For the past few years I embark on a trip to explore new places under consideration for future Alumni Trips. During this trip I am accompanied by a group we affectionately refer to as the "HardCore™." The focal point of this group is to visit breweries, try new beer, and have a look at new places. We travel by rail, bus and taxi and the average beer consumption is five liters of beer per day, every day. In 2015 we targeted several new locations: Berlin, Dresden, Leipzig and Einbeck. Along the way we encountered Berliner Weisse, Gose, Lüttje Lagen and the original Bock beer of Einbeck.
Our journey started in Berlin where we all met at the Tegel Airport. This airport should have long been closed since the Germans have dumped trillions into a new airport (BER) which has been delayed in opening for several years. So much for German efficiency! Anyway, we had to take a bus to a train and change once more before getting to our hotel. The Berlin transit system is noticeably short on escalators and elevators, so all this was quite a work out with luggage. Just after checking in, we reassembled and headed for lunch. The dish that Berlin is most famous for is Currywurst and my friends directed me to Konnopke's Imbiss. It was the first Imbiss to sell Currywurst in East-Berlin in 1960 and is located under the train platform. Currywurst is a red sausage sliced up and coated with ketchup and/or Worcestershire Sauce and curry powder and usually served with fries. The ultimate street junk food. Most of us jumped at the chance to sample a Berliner Weisse. This is a sour wheat beer which can be ordered "red" or "green." This raspberry or woodruff syrup masks the sourness of the beer. We learned, however, that getting a premix version is not nearly as good as when the barkeep mixes it fresh, right in front of you. After lunch we explored a little of Berlin on foot before having dinner at Brauhaus Georgbraeu - a new brewpub in the former east section of the city.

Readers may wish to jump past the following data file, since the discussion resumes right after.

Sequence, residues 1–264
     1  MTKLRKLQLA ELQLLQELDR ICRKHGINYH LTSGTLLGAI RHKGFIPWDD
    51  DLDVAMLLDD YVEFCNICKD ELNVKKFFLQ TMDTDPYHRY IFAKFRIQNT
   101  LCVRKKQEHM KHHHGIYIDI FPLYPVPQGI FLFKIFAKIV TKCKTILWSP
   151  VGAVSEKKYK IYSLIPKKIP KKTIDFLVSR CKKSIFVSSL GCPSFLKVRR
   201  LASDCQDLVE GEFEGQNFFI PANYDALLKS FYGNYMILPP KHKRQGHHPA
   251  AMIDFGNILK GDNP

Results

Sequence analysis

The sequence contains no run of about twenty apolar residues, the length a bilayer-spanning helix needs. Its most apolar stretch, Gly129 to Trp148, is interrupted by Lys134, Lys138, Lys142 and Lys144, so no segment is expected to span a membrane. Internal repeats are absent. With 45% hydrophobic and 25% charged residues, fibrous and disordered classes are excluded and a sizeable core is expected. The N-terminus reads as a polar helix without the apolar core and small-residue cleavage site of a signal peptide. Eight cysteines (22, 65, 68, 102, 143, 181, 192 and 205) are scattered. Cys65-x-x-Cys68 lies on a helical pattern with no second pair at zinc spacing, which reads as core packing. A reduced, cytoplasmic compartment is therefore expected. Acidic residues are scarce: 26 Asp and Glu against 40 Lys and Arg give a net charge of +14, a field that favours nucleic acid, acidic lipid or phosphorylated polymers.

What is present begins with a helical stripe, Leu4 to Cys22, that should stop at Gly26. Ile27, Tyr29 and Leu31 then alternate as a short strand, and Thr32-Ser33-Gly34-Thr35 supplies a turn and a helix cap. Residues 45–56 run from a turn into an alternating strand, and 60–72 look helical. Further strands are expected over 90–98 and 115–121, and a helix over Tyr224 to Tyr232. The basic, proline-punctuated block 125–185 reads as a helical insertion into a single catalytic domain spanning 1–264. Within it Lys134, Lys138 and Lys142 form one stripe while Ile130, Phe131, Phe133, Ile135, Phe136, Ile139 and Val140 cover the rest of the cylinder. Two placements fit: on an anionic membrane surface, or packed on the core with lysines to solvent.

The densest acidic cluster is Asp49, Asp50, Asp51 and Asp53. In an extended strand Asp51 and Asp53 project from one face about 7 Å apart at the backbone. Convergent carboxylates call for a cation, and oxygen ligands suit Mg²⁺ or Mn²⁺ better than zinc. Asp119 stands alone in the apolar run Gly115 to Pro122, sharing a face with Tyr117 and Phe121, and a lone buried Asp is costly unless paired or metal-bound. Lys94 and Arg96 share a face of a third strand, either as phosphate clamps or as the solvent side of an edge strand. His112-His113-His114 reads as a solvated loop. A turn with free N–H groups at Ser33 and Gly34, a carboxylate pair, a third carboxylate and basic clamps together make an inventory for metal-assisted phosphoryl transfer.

Everyone was a bit more fit for day two in Berlin. We met Ajra, a Berlin tour guide and history major and soon-to-be-published beer author. She took us around the city and showed us a lot of the WWII sites, including the site of Hitler's bunker and also many Cold War sites, like Checkpoint Charlie. I had been in Berlin three times, but not since 1990. With the fall of the Wall and the subsequent building frenzy, the city is almost unrecognizable to me. There is a line on the ground where the wall used to be, but in some cases, it's not so accurate. Sadly, the real history will be forgotten in a generation or two. Anja's tour was great and, after our late lunch at the Prater Beer Garden, she met up with us again and showed us two more new breweries on the Berlin scene. It was a late night and our heads where spinning - both from the beer and the many new inputs from the day.
As for the Berliner Weisse, we found the best at the Prater Beer garden where the syrup is mixed into the beer on demand. Even though mixing something into the beer is sacrileges to many, I found it to be quite good. I wouldn’t go out of my way to get it, but on a nice warm day in Berlin, why not!
Next we entered the depths of what was once "East Germany." Located deep in the east and in a valley so that western TV didn't penetrate, many referred to the area as "the valley of the clueless" since they had to take East German propaganda at face value. And, more recently, this is the area that is the home of Germany's right-wing inspired, anti-immigrants movement, PEGIDA. However, I can say that everyone treated us just fine, with the friendliest folks in Leipzig.